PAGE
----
Ken Levy, Program Chair
Many thanks to Dr. Paul Steinhardt for our February lecture, “Inflationary Cosmology on Trial”.
March heralds the beginning of spring with another not to miss lecture by Dr. Mark Trodden, “Modern Cosmology and the Building Blocks of the Universe”.
No two ways about it – the universe is really, really big! If we want to understand it, we need to know about nature on very large scales. On the other hand, atoms and their constituents are extremely small! To understand them requires us to know about nature on very small scales.
The challenge of modern cosmology is to use these seemingly different aspects of physics to explain how a young, hot, small universe became the old, cold, huge universe we see today–to understand the physics of the Big Bang.
In this presentation, Dr. Trodden will tour the major ideas of 20th century cosmology and try to give a picture of how cosmologists are trying to address these questions that require the physics of the large and the physics of the small to work together.
Mark Trodden is the Fay R. and Eugene L. Langberg Professor of Physics, and co-Director of the Center for Particle Cosmology at the University of Pennsylvania. Trodden has worked broadly in both cosmology and particle physics. The majority of his work is firmly on the particle physics-cosmology border, and includes the development of the modified gravity approach to cosmic acceleration, approaches to dark energy and dark matter, extra dimensional models of particle physics and cosmology, and the matter-antimatter asymmetry of the universe.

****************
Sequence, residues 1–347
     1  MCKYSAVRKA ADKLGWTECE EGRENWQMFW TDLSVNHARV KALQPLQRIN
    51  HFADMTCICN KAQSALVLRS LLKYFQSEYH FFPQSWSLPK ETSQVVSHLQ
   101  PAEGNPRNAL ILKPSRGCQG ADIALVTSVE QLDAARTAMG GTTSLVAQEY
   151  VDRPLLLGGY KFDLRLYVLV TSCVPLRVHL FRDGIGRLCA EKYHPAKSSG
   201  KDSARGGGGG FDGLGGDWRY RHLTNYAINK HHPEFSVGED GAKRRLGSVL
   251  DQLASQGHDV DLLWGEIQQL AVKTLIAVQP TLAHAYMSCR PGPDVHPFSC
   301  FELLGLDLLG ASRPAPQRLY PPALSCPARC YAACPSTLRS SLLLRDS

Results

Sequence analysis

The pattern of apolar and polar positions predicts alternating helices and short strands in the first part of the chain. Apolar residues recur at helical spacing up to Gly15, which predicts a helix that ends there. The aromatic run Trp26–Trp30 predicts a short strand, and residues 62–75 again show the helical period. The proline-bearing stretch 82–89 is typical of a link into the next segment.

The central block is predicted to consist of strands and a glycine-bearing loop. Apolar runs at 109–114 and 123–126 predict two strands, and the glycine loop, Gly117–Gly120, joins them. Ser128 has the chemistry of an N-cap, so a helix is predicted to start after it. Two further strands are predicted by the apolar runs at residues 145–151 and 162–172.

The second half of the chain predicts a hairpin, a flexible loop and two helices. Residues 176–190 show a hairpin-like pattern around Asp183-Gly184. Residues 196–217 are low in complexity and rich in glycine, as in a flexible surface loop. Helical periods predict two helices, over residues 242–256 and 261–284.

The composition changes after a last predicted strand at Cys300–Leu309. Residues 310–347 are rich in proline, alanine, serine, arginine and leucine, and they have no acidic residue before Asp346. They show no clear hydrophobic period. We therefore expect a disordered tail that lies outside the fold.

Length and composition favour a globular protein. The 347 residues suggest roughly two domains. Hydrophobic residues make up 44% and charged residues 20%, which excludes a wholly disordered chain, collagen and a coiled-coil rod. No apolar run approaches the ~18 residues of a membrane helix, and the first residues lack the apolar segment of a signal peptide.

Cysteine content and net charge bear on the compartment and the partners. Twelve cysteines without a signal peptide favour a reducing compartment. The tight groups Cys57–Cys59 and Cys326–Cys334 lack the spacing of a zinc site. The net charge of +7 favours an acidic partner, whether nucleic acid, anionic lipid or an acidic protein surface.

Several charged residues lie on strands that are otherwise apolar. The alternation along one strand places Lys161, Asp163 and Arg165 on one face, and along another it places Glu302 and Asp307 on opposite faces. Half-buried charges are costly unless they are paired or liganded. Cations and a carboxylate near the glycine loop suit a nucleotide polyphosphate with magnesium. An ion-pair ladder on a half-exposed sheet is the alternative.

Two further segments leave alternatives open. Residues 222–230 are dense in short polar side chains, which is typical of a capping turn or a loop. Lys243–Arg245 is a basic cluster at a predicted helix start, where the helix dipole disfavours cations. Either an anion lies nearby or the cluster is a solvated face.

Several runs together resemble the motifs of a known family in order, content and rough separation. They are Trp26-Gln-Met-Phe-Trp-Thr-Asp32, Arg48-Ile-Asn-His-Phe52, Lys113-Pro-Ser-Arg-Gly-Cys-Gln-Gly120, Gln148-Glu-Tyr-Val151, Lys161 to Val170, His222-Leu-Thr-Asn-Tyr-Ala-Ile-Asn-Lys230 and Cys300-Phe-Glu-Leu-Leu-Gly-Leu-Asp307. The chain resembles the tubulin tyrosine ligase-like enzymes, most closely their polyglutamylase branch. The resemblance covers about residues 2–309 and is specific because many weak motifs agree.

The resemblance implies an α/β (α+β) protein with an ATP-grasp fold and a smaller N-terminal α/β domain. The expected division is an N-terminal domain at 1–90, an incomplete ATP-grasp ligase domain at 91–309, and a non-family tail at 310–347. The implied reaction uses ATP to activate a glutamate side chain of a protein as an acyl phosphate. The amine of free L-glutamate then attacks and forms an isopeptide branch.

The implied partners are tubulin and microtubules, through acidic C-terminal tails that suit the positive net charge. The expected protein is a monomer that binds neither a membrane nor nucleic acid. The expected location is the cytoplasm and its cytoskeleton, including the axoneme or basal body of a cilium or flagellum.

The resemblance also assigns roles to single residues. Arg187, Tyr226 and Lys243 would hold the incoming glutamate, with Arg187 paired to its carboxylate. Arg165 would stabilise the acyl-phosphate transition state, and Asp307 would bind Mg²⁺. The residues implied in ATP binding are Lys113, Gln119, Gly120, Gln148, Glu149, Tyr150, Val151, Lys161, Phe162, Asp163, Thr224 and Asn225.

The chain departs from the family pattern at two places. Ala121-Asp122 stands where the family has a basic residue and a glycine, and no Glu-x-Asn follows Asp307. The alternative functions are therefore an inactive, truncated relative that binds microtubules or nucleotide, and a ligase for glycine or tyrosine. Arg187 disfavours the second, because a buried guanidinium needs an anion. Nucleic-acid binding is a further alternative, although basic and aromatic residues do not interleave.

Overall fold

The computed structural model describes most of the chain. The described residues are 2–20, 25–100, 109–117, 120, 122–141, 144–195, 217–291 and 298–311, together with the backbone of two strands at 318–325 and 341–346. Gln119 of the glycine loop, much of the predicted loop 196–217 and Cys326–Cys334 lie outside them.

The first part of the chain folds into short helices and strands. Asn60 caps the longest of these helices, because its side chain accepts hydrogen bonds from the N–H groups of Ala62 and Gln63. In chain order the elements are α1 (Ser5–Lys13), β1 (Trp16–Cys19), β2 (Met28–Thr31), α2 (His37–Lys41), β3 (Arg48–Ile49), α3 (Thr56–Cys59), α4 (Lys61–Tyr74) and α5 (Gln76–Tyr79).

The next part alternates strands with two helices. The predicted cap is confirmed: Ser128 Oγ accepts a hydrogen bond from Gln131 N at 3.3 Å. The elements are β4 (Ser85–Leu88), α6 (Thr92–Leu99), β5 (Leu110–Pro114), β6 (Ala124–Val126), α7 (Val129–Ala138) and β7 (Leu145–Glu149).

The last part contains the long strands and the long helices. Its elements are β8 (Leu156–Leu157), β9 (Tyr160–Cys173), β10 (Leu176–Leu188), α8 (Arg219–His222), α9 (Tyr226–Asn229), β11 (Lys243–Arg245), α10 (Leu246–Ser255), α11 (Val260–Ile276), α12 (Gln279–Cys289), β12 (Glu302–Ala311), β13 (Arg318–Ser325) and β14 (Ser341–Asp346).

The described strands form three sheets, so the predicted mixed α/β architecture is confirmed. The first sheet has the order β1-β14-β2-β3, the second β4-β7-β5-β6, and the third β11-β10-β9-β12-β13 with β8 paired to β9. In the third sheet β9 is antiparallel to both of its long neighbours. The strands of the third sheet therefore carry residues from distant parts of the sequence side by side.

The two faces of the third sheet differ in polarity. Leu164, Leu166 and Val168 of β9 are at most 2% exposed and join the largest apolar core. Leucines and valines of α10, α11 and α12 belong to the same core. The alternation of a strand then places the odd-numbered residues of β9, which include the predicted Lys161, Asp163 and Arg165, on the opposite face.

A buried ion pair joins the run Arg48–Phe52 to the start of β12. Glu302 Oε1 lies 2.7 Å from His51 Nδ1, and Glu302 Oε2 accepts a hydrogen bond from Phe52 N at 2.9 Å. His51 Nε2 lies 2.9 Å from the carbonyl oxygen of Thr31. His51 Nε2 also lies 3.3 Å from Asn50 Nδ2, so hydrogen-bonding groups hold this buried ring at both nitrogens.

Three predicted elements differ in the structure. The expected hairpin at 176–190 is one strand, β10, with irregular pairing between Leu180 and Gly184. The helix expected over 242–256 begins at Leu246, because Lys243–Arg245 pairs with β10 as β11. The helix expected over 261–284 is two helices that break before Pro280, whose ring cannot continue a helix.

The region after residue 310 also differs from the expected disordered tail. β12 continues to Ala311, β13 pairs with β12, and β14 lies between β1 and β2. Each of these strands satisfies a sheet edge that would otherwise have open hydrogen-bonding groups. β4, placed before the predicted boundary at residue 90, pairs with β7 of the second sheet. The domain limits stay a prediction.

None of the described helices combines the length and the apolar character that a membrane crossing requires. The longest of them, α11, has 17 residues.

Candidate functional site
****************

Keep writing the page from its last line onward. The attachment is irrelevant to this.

Dr. Trodden holds an MA in Mathematics and a Certificate of Advanced Study in Mathematics from Cambridge University. He also holds a M.Sc. and a Ph.D. in Physics from Brown University. He previously held the Alumni Professorship at Syracuse University, and has held visiting positions at Cornell University, the Kavli Institute for Theoretical Physics in Santa Barbara, and as a Sir Thomas Lyle Fellow at the University of Melbourne. Dr. Trodden is a Kavli Frontiers Fellow, was awarded the Science and Technology Outreach Award of the Technology Alliance of Central New York, is a Cottrell Scholar of Research Corporation, and has chaired the National Academy of Sciences Kavli Frontiers of Science Symposium and the Working Group on Cosmological Connections of the American Linear Collider Physics Group. He sits on the editorial boards of Physics Letters B, the Journal of Cosmology and Astroparticle Physics, the New Journal of Physics, and the Springer Multiversal Journeys Series.